Tim Feasey obituary | Nature

My friend the artist Tim Feasey, who has died suddenly aged 60, made small and intimate but intense paintings, prints and drawings, employing exuberant color and monotone rendering. He was always reluctant to explain his work, but it combined abstract and representational forms, capturing moments in time and passages of personal history.

In the 1990s Tim was arts co-ordinator at the Art House in Wakefield, a charitable organization that brought disabled and able-bodied professional and amateur artists together through exhibitions and public art projects. Tim was very keen to break down barriers between people, promoting integration not segregation in the projects and events he organized and facilitated.

He moved on to become director of visual arts at the Attenborough Arts Center at the University of Leicester in the 2000s. There he organized and curated a wide variety of exhibitions and events promoting the cultural profile of the university as well as of the city of Leicester.

Tim spent most of his life in the Midlands and north of England. He was born in Leicester, the son of Jeanne (nee Dewdney), a teacher, and Don, a writer and psychotherapist, and went to Morecambe high school. Tim gained a fine art degree in the early 1980s from Humberside College of Higher Education and later undertook an MA in fine art at Nottingham Polytechnic, which was where he and I met. In the course of his studies he twice undertook interviews with the painter Howard Hodgkin, telling me he was most amused by their flirtatious exchanges.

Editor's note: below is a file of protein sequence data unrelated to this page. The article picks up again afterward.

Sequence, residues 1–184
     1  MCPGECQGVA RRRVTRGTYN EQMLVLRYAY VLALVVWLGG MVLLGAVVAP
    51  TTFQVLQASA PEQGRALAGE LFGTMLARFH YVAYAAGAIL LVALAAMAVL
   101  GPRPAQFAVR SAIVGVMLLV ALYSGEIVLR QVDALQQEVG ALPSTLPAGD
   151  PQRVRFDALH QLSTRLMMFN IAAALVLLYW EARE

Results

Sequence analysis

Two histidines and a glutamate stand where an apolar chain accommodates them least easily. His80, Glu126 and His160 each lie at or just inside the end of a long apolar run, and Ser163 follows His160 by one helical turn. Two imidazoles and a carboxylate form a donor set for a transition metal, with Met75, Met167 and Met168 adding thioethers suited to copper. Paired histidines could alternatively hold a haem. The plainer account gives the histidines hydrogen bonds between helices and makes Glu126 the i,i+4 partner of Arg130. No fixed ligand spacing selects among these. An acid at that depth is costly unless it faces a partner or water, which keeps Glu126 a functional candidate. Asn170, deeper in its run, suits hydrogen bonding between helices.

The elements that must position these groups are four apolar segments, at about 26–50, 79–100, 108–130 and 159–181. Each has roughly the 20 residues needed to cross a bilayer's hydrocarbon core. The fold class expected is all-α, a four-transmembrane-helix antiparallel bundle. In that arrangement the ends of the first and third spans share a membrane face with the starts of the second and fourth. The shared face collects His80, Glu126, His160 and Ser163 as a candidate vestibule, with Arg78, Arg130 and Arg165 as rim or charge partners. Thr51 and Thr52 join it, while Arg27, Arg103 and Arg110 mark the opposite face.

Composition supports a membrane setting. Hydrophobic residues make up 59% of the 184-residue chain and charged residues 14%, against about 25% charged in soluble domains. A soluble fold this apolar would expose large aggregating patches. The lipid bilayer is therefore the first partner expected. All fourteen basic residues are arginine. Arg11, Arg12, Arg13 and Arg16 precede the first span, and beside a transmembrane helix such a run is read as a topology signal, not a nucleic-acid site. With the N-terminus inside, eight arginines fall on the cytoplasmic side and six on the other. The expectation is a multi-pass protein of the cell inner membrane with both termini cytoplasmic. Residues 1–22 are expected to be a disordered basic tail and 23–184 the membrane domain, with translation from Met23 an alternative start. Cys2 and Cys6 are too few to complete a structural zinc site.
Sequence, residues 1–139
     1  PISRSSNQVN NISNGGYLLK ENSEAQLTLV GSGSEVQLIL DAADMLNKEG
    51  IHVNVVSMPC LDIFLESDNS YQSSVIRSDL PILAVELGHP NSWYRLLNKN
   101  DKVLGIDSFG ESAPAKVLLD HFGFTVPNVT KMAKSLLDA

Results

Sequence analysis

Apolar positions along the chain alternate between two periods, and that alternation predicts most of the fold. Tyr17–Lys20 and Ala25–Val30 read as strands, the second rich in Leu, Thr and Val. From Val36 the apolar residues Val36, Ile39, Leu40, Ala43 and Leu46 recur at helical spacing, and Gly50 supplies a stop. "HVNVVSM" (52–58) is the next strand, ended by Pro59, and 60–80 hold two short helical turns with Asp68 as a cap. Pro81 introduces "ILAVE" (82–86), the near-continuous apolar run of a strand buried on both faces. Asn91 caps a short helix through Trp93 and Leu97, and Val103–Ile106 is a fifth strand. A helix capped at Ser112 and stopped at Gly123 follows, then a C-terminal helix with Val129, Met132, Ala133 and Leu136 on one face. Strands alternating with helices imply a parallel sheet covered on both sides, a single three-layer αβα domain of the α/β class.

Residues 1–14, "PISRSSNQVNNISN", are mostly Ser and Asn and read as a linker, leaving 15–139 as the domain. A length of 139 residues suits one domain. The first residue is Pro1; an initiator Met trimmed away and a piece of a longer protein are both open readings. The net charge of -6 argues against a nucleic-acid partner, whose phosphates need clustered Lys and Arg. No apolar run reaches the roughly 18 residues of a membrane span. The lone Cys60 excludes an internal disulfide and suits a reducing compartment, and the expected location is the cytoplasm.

Tim Feasey

After graduating from Nottingham in 1990, Tim joined the Art House. Running alongside this role, and then his work at the Attenborough Arts Centre, he continued to paint and exhibit his own work. He had solo shows at the Brahm Gallery in Leeds, the Wakefield Art Gallery, and the Atrium Gallery in Derby, Peterborough Museum and Art Gallery, and regularly showed at the Wirksworth arts festival.

Tim was uncompromising in how he wanted his work to be viewed. He was keen to enable people to experience it directly and was not a fan of printed reproductions.

He had an unassuming approach to life and art that was in contrast to his naturally gregarious character. His outward confidence masked a fragile and sensitive inner self, the side he channeled so effectively into his art and close friendships.

He is survived by two brothers, Jon and Simon.

Leave a Comment

Your email address will not be published.

%d bloggers like this: